We have mentioned Wal-Mart's (WMT) rise to a record share price several times in our weekly updates (most recently in Market Update: S&P 500 At A Crossroads As JPMorgan Offers Relief, Wal-Mart Hits New Highs).

Wal-Mart's trading range going back to 1999 was also accompanied by P/E multiple compression.

WMT Chart

WMT data by YCharts

Only recently has Wal-Mart's multiple compression halted. We think that a similar pattern will occur with Google. We are not sure of the timing of Google's next upswing, but it makes sense to start planning for a scenario where EPS continues to grow and the multiple stops compressing.

Apple (AAPL) is one of the rare companies that was able to grow significantly while experiencing multiple compression. It is interesting to note that much of Apple's climb occurred after its multiple compressed to roughly the market average. Since 2008/2009 its share price increased without a large increase in its P/E multiple.

AAPL Chart

AAPL data by YCharts

The discussion of Google's P/E multiple misses an important point about the optionality in Google's business. Recently, Kurt Eichenwald wrote an article in Vanity Fair about Microsoft (MSFT). The article says that Steve Ballmer, CEO, would say that Microsoft should be "last to cool, first to profit," meaning that Microsoft did not need to be on the cutting edge and could use its vast resources to catch up. The results of the last decade prove that this approach did not work (though Windows 8 may be his redemption). Google, however, is not making the same mistake. It is continuing to innovate with some very promising businesses and a few oddball engineering projects.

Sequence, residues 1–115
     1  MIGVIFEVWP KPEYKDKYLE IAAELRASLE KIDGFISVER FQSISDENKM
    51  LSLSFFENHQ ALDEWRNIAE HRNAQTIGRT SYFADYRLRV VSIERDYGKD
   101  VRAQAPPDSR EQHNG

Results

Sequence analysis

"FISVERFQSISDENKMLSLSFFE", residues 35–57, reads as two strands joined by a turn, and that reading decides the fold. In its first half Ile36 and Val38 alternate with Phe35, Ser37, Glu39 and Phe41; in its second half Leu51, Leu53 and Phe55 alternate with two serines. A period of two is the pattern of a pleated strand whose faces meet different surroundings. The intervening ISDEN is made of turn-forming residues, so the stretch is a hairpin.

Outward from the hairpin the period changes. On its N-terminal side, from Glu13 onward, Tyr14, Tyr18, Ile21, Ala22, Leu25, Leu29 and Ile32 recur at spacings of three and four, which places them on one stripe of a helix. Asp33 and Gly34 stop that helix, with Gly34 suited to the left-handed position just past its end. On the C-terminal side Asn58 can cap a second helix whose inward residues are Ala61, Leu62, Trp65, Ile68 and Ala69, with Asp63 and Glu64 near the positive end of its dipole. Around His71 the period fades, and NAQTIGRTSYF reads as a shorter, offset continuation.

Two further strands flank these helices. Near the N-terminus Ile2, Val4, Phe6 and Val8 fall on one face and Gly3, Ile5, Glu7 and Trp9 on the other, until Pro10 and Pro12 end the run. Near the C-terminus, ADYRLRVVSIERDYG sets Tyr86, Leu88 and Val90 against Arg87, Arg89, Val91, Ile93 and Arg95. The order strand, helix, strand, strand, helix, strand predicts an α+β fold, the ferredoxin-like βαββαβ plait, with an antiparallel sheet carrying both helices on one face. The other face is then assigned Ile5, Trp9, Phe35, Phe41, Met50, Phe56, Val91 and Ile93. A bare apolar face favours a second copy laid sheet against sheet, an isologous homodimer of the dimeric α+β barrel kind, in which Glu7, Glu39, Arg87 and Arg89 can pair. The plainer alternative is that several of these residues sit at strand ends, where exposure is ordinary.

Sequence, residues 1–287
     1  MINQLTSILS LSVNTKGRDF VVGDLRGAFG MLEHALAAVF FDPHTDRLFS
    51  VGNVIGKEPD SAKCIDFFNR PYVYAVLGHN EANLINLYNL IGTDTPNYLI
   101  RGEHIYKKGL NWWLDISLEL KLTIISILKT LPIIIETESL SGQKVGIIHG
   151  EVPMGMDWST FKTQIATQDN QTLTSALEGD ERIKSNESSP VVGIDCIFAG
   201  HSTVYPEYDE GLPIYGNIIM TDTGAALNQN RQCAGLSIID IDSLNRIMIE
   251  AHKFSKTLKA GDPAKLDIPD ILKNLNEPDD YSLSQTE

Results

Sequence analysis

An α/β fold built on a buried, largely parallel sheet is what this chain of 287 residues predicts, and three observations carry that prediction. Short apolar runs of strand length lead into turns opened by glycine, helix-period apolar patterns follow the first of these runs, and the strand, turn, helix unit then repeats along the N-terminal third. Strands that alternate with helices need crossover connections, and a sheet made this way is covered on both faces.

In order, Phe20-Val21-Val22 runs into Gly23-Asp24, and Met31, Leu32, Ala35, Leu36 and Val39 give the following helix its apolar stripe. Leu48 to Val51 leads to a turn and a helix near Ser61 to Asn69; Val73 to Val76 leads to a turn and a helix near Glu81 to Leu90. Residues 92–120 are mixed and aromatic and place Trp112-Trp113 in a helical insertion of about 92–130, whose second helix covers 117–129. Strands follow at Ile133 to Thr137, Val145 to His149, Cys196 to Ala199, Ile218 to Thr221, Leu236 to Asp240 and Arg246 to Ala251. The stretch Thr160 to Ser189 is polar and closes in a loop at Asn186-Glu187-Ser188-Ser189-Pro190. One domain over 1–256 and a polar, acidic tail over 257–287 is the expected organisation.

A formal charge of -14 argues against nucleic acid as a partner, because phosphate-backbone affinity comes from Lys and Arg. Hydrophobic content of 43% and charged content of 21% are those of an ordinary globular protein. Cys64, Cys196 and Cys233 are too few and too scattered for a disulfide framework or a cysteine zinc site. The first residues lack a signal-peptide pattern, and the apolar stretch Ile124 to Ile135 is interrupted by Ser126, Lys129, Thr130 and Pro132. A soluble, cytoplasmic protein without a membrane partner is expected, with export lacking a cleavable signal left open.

Google has hidden value in its YouTube, Android/Chrome, and enterprise businesses as well as mobile. Although these platforms are not significant contributors to Google's results today, they have much potential for the future.

Commenting on YouTube, Nikesh Arora said during the conference call (see transcript from Seeking Alpha here):

"Earlier in May, we saw an incredible digital upfront of it [...] highlighting our YouTube programming partners. Slightly over 13,000 clients attended, some of the worlds biggest advertisers were there and they're making significant commitments on YouTube including people like Unilever, AT&T and American Express."

Furthermore, regarding the enterprise opportunity he said:

"Let's talk about the third theme, the technology, where we are in our enterprise business. I think it's become clear for us that we have a serious small, but growing business, which is going to be a future growth engine for Google. I hope you read this week about a company, who said competition was 50% more expensive than Google, and not as cool. That company is now $200,000 a year Google apps customer.